The mammalian (especially human) prefrontal cortex and other neocortical regions can control emotional outbursts from subcortical areas (providing top-down behavioral and psychological regulation). But in extreme situations—such as in high danger—our brains often respond with stereotypic genetically-anchored affective response patterns (instigating bottom–up arousal of higher-order brain processes) such as strategies for fight, flight or freezing (e. g. [5]), which helped our ancestors to not only escape various hazardous situations but to develop cognitive skills to avoid them in the future (see also a new questionnaire measuring these distinct fear tendencies [6]). So different primary/basic emotions have different functions with respect to survival and reproductive behaviors. In the end a better understanding of the functioning and interplay of these emotional systems should facilitate development of new therapeutics to better treat a wide range of psychiatric disorders [2,3].

The seven primary emotional systems of Panksepp’s primary-process affective neuroscience can be divided into two larger groups of positive and negative emotions. The emotional systems belonging to the first group of positive emotions are called SEEKING, LUST, CARE and PLAY (in presumed evolutionary order), whereas the latter group representing negative emotions comprises RAGE (also labeled ANGER in discussions of human personality), FEAR (or “anxiety” in the vernacular), and PANIC (namely primary-process separation distress, or higher-order SADNESS, which we deemed a more clear and appropriate designator for human personality profiling). The SEEKING system energizes human beings and helps them not only to be energized with “enthusiasm” and “interest”, in explorative/investigative way in everyday life. The PLAY system has been best characterized not only by the instinctual nature of rough and tumble play in most mammals–a very bodily evolved form of play–best observed in all young mammals, including human childhood, with the brain mapping providing clarification of brain regions where Deep Brain Stimulation (DBS) evokes laughter-type play vocalizations in animal models [7]. The function of the PLAY system probably relates to learning about social structures/hierarchies (e.g., eventual social dominance), learning to cope with losing or being defeated, shaping social-appetitive motoric skills and from a psychological perspective, simply having fun (which may promote bodily and mental health). The LUST and CARE system are of high importance for reproductive success and social bonding and are deeply entwined. The PLAY system is probably evolutionary the youngest with LUST reproduction circuits evolving earlier than the genetic programs for CARE—nurturing other individuals especially one’s own offspring. The FEAR system has been already mentioned above and helps mammals to free themselves from danger. The RAGE/ANGER system facilitates acquiring and holding-on to resources, and can be activated by frustrations (that can arise from higher-order encoding of desires). Finally, the PANIC/SADNESS system reflects arousal of what has traditionally been called “separation distress” the chronic overactivity of which is associated with depression [2,3,8]. For cross-mammalian brain research purposes, this system has been formally designated the PANIC system, which is illustrated by typical panic behaviors and feeling (i.e., separation distress calls, commonly called “crying”) when children get lost and are out of sight of their parents or other caregivers.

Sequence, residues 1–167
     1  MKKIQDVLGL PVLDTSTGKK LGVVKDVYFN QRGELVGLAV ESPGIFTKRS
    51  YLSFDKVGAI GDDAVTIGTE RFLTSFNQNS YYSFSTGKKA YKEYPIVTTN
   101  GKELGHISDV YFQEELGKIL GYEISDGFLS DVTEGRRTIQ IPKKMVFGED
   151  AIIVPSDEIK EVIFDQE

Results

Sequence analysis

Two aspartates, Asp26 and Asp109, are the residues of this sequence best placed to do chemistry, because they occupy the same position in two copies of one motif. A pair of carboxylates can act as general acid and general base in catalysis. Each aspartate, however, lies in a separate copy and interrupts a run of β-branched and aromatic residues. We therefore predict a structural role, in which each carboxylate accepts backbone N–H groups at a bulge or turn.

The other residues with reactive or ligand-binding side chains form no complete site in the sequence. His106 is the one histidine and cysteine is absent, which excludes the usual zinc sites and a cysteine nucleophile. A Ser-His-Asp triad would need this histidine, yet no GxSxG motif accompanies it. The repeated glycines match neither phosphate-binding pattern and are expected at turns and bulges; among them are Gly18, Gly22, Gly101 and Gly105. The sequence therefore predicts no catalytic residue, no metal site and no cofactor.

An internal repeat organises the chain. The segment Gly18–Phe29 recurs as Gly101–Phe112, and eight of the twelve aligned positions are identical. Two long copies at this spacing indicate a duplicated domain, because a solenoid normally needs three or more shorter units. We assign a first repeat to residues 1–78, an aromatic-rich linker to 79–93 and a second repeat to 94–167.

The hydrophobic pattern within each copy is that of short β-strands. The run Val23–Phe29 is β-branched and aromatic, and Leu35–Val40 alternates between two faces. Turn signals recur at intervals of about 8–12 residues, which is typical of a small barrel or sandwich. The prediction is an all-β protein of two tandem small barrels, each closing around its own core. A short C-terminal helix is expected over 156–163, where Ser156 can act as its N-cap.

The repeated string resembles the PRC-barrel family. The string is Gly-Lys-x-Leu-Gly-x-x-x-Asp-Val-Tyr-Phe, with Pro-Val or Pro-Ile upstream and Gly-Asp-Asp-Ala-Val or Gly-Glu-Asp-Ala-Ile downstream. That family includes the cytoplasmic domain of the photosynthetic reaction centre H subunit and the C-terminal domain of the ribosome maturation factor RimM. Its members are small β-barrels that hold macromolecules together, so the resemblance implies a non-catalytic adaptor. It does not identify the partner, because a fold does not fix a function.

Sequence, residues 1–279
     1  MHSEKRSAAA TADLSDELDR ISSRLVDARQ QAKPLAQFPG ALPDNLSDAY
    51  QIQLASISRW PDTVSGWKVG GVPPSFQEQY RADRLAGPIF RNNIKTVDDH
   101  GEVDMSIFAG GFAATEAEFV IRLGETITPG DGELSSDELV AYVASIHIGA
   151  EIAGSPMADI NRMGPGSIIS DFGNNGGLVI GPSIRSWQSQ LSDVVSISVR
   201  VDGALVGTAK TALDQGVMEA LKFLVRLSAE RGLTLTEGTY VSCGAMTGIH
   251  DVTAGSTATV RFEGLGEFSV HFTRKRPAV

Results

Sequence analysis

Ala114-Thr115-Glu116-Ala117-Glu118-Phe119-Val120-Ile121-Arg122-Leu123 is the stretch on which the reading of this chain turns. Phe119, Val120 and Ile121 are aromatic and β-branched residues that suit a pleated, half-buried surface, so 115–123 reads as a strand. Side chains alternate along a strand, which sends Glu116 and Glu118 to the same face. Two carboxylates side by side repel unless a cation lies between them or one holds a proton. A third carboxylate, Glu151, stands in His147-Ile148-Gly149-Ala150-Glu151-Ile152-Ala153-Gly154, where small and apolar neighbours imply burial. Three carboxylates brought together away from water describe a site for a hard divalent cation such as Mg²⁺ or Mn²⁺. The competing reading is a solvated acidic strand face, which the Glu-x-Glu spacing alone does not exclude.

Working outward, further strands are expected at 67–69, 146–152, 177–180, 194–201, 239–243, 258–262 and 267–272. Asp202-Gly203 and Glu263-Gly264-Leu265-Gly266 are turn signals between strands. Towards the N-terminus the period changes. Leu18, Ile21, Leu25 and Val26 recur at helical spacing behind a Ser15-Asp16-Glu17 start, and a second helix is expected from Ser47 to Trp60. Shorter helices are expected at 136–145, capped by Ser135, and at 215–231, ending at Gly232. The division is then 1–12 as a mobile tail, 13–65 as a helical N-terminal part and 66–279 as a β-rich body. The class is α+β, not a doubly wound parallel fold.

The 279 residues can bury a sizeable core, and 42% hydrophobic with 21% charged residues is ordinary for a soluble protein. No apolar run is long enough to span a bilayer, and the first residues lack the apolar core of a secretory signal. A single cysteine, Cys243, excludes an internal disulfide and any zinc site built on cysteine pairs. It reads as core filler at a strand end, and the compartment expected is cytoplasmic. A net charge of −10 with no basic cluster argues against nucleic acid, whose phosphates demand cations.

Besides the importance of neuroscientific techniques, especially DBS, to study primary emotional systems, Davis et al. [9], published a self-report inventory called Affective Neuroscience Personality Scales (ANPS), updated and refined in Davis & Panksepp [10], aimed at measuring individual differences in these primary emotional systems. The publication of these scales represents an important addition to the toolbox of biologically/behaviorally oriented personality psychologists, because Panksepp’s primary emotional systems could be viewed as being among the evolutionary oldest contributors to human personality (influencing human personality bottom-up development as reflected by their neuroanatomical foundations in the “old-mammalian” and “reptilian” areas of Paul MacLean’s Triune Brain Concept see also [11]). The ANPS contrasts to classic questionnaires reflecting the Five Factor Model of Personality (e. g. [12]) and may be more appropriate for guiding in the investigation of the biological underpinnings of individual differences in primary sources of temperament, namely one’s genetically controlled emotional strengths and weaknesses. For instance, Montag & Reuter [13] highlight the potential importance of these scales in the context of disentangling the molecular genetics of primary emotional systems and personality. As the Five Factor Model of Personality is based on a lexical (adjective-based) approach it does not help in hypothesizing about diverse neurobiological affect-engendering brain systems that are critical brain substrates underlying human personality. The usefulness of the ANPS for biologically-oriented personality psychology can be best explained by a small example. If animal models show that PLAY behavior in rodents is modulated by opioids (as it is, see [14]), the dynamics of brain opioid systems should also be of relevance for human ludic activities, because these ancient brain systems are highly conserved across species.